Strong Jobs Data Fuels Optimism for Economy, But Risks Remain

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The U.S. economy showed increased signs of life Thursday as new data indicated that companies are hiring more workers and fewer people are filing for unemployment benefits. The positive signals are more evidence that the economy is continuing its slow but steady comeback from the worst recession in decades. Private-sector employers added 325,000 new jobs in December, according to ADP’s National Employment Report, handily beating analyst expectations of 178,000 and November’s figure of 204,000 new jobs.

“December’s advance was the largest monthly gain since December 2010, reflecting strong job creation across most industries,” said Carlos Rodriguez, president and chief executive officer of ADP. “Small and medium-sized businesses were hiring at a similar pace. Job creation among large employers was also encouraging.”

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The strong data in the ADP report surprised some economists, including Wayne Kaufman, chief market analyst at John Thomas Financial, who called the job gains figure “stunning,” according to Reuters. “This is another data point that shows our economy is healing,” Kaufman said. “It fits in well with improvements we’ve seen in consumer sentiment, and obviously that’s because there are more people getting paychecks, which is making everyone happier.”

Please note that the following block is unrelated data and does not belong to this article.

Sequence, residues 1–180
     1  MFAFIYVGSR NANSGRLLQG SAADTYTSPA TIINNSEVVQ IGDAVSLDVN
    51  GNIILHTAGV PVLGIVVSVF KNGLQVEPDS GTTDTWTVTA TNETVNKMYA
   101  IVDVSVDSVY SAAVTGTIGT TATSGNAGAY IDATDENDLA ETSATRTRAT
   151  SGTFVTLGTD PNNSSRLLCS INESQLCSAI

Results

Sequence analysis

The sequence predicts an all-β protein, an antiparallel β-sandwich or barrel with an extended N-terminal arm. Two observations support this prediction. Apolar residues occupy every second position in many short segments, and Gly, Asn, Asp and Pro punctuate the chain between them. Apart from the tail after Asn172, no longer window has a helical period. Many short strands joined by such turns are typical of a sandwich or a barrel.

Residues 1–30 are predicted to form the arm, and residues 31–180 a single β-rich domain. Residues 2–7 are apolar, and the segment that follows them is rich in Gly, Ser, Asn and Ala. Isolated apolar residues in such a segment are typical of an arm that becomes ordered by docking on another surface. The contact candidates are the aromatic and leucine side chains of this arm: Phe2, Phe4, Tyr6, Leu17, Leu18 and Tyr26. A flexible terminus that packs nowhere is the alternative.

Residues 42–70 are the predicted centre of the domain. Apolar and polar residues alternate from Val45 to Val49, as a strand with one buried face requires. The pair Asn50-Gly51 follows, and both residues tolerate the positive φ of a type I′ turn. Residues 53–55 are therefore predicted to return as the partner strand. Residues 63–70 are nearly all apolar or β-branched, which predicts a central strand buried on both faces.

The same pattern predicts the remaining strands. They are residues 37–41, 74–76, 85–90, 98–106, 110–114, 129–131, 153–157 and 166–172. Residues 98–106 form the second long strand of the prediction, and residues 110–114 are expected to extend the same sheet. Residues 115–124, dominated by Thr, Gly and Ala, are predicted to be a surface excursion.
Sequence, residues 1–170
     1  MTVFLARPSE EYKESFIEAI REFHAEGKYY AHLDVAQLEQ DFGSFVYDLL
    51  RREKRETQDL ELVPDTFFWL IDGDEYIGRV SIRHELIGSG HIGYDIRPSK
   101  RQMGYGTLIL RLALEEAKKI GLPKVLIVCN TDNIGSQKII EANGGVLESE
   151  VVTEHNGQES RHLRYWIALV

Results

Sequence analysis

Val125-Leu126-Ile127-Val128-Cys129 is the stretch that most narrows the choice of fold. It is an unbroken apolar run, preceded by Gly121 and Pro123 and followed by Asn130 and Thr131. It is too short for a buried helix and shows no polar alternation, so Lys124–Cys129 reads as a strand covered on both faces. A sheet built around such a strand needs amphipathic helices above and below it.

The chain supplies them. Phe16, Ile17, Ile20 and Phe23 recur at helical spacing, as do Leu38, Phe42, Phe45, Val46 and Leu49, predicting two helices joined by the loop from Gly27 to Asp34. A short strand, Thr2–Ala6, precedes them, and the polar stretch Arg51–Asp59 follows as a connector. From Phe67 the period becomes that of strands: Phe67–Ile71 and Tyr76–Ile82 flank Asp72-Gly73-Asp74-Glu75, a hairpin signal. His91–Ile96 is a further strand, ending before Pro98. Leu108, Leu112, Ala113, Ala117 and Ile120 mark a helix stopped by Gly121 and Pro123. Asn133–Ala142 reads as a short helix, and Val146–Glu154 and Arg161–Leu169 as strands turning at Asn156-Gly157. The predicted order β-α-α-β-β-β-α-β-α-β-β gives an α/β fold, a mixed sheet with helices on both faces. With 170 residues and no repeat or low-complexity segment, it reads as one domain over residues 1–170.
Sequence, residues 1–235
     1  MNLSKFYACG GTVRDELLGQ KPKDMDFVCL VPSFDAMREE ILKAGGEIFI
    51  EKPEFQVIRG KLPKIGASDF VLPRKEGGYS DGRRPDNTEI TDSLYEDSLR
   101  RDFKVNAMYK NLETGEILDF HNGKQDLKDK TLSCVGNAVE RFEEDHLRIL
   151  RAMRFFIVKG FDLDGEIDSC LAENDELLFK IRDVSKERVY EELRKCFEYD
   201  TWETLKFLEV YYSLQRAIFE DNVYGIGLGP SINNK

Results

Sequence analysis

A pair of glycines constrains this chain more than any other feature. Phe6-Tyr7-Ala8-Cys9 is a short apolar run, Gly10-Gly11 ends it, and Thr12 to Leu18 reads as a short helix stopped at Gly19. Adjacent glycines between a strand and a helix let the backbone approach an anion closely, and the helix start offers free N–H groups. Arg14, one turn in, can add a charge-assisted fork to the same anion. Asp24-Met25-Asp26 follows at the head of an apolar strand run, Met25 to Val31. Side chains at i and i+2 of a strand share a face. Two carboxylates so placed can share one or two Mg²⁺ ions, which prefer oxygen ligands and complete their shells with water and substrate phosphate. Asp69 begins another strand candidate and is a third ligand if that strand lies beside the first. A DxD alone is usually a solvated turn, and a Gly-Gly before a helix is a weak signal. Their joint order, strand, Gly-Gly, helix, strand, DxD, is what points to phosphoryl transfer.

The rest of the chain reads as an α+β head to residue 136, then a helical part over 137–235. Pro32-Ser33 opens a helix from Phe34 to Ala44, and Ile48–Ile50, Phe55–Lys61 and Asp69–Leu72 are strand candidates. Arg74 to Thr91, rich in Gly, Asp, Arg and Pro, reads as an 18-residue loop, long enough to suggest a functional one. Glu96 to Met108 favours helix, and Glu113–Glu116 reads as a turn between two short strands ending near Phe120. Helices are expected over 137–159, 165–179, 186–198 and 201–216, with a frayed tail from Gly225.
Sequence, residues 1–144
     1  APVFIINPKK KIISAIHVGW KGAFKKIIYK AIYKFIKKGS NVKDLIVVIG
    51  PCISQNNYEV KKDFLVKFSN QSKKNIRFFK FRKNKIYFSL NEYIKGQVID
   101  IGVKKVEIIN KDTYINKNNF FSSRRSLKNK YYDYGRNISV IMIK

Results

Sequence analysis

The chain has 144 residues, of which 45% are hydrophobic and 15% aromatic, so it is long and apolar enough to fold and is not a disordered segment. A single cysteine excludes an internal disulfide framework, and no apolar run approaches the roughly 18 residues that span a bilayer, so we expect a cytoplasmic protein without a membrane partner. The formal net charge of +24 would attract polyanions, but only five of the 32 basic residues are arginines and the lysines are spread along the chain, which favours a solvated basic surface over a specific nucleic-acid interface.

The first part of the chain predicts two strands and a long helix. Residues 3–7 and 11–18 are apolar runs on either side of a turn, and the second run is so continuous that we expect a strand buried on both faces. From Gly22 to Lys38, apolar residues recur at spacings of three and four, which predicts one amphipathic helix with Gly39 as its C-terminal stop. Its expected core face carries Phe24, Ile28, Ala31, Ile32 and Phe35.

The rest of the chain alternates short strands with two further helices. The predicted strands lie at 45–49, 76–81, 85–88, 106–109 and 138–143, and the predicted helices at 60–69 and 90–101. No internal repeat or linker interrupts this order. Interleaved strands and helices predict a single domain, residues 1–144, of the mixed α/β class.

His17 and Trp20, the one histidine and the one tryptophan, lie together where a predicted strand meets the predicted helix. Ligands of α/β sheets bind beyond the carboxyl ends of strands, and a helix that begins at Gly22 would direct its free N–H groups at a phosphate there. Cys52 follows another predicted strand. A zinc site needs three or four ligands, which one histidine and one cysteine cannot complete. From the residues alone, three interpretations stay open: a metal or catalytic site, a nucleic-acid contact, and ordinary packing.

Initial jobless claims, meanwhile, fell to 372,000, a decrease of 15,000 from the previous week, according to the Labor Department. The four-week moving average of new claims fell to 373,250, the lowest level in three years. The better than expected employment numbers fueled optimism heading into Friday’s more comprehensive December jobs report, which had been expected to show the unemployment rate ticking up one-tenth of a percent to 8.7%. Economists expect the number to rise as workers return to the labor market and are once again counted among the officially unemployed.

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Despite the encouraging hiring numbers, some economists cautioned that the ADP figures could be affected by seasonal factors — many employers keep workers on their books until December, even if they were let go earlier in the year — and noted that they are subject to revision. (Last year’s December report was way off, as several observers pointed out Thursday.)

Also, the broader economic picture remains cloudy despite Thursday’s glimmers of hope. The unemployment rate is expected to remain above 8% through the end of 2012, nearly twice what’s considered healthy. And many analysts predict that the U.S. economy will grow at a relatively meager 2% to 3%, which suggests a fairly modest recovery. At that level, the U.S. remains vulnerable to possible economic shocks caused by the ongoing European debt crisis. Most economists would like to see growth of 4% to 5% to generate the kind of activity needed to return the economy to pre-recession levels.